Tuesday, September 22, 2009

What is inspired poetry?

Art Scroll Irritates
It took some doing, but I've determined which of the many annoying bits of the ArtScroll Commentary on the Machzor is most annoying of all. It appear near the begining of Yom Kippur Maariv: "[The piyutim are] infinitly more than inspired poetry." 

Anyone know how to solve this equation?

inspired poetry^infinity=?

Didn't think so. When ArtScroll announces the piyutim are "infinitly more than inspired poetry" do they mean the authors were prophets? Does it mean those verse we read, with their rhymes, rhythems and meters, aren't really poetry, but something else? Or does it mean that the editors of Art Scroll, like too many Torah True Jews in 2005, are poetry phillistines? (Hint: "Yes" is the right answer to that question.) 

The only reason the Wise Men of Chelm Art Scroll call it "infinitly more than poetry" is because they inhabit a milieu where poetry is suspect, and possibly treif. "Infinitly more than poetry" is NewSpeak, a way of hiding a frightening fact (ie: that it really is poetry, and that our community, for all it's jive about being "authentic" is failing our fathers, and making a mistake by not teaching our young people to write and appreciate poetry.)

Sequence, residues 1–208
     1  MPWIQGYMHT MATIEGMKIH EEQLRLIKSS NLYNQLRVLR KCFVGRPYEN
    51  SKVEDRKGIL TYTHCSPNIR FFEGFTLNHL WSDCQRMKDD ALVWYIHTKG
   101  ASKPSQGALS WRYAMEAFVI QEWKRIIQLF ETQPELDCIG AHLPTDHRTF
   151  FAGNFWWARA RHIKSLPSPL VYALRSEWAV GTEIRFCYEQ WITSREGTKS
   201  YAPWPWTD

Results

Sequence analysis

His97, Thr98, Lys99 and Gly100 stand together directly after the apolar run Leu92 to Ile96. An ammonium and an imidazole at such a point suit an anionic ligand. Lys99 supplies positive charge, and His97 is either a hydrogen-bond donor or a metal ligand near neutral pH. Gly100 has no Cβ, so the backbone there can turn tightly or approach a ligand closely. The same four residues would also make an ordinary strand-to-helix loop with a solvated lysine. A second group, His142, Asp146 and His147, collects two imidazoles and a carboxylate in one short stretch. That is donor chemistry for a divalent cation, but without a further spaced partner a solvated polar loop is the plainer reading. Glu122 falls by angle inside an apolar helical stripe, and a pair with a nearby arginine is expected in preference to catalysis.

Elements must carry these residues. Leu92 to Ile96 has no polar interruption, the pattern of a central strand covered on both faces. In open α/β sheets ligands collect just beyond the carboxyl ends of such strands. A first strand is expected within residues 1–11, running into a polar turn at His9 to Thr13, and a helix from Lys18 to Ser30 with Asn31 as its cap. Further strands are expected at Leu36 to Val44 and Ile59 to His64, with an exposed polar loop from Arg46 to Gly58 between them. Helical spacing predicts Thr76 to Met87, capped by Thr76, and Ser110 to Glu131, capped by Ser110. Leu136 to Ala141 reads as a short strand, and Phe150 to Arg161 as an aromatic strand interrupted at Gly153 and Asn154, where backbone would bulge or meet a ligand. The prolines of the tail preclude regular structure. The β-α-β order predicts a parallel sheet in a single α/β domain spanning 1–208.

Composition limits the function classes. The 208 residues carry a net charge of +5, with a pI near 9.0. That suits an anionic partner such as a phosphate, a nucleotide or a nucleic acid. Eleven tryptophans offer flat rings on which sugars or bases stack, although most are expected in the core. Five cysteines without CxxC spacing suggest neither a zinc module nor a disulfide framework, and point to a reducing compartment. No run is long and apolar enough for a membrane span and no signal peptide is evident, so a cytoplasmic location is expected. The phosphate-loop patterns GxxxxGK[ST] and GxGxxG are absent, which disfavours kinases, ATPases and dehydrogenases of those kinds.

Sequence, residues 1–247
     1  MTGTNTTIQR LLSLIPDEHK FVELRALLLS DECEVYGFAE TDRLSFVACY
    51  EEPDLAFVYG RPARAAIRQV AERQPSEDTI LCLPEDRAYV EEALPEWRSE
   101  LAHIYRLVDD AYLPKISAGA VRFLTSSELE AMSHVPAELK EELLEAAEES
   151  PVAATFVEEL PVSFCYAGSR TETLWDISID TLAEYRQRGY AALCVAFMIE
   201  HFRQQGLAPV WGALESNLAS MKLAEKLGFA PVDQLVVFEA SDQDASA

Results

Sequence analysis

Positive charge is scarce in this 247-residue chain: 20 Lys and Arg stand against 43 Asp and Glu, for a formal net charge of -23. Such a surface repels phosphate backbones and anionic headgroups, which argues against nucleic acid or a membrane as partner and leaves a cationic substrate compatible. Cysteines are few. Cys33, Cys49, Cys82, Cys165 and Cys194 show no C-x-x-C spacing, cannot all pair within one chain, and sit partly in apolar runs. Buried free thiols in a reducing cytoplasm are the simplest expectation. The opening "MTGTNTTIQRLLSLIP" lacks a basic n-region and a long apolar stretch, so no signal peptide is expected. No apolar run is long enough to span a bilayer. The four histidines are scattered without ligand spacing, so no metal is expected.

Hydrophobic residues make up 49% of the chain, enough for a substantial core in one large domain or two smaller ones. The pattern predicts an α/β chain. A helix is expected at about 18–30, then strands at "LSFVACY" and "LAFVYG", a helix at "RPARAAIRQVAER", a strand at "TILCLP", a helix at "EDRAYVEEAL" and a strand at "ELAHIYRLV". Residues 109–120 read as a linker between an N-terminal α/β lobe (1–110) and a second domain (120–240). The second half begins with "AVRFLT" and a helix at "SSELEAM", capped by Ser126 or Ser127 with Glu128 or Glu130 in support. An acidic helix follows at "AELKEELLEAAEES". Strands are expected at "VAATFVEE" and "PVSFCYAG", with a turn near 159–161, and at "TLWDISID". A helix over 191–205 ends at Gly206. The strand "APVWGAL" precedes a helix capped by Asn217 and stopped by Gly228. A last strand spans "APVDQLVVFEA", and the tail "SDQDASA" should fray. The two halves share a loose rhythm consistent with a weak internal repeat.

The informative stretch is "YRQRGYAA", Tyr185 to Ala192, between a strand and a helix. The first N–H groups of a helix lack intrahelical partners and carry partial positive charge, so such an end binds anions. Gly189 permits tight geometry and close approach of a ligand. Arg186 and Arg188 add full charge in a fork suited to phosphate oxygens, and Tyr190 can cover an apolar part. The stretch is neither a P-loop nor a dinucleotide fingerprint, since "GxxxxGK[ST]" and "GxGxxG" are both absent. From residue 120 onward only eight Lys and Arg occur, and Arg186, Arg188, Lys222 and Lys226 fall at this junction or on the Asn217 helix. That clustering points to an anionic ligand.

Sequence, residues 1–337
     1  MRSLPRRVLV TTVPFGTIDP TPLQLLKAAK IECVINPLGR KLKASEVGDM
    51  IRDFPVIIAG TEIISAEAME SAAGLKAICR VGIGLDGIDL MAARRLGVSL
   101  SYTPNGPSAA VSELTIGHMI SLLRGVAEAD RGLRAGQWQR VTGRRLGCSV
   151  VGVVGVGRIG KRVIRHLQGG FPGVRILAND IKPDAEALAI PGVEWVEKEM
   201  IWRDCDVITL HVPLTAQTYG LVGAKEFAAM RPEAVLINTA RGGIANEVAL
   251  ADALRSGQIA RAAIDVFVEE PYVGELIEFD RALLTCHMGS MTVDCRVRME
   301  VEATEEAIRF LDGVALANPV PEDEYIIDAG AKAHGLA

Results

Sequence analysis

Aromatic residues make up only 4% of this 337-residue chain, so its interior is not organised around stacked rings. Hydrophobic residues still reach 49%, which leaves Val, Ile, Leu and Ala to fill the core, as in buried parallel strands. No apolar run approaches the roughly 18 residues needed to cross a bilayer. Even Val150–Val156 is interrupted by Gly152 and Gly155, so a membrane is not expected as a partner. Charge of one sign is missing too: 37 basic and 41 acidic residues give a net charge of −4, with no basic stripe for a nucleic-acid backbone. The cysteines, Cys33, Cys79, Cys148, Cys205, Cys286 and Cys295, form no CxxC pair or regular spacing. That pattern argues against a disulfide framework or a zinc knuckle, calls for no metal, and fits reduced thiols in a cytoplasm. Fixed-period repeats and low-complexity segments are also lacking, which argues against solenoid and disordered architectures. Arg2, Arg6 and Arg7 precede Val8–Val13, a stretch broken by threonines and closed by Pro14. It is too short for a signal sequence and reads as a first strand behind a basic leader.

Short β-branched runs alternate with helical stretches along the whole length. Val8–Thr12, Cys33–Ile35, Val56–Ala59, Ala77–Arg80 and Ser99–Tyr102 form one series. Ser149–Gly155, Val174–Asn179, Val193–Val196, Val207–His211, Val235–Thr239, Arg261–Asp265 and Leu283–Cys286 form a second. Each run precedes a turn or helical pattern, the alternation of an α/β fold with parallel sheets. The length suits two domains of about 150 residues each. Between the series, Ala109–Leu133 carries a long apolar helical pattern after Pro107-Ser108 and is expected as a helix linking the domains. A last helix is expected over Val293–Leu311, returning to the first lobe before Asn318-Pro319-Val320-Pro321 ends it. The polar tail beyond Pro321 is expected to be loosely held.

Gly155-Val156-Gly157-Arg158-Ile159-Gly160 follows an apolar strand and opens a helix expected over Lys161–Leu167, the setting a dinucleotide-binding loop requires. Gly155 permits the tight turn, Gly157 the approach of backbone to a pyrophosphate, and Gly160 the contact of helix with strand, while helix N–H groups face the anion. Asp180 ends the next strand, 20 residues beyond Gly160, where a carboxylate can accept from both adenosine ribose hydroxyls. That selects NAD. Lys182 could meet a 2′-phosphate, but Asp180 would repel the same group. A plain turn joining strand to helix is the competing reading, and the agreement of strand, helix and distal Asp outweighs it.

If Elazar HaKalir, Meshullem Kolynomous, and our other leading literary lights lived today, they'd either be living miserably as Jews, with their gifts supressed and denied, or they'd be flourishing outside the Jewish community. Sadly, there's no longer a place in Torah True Judaism for a genious of letters.

Search for more information about piyutim at 4torah.com.

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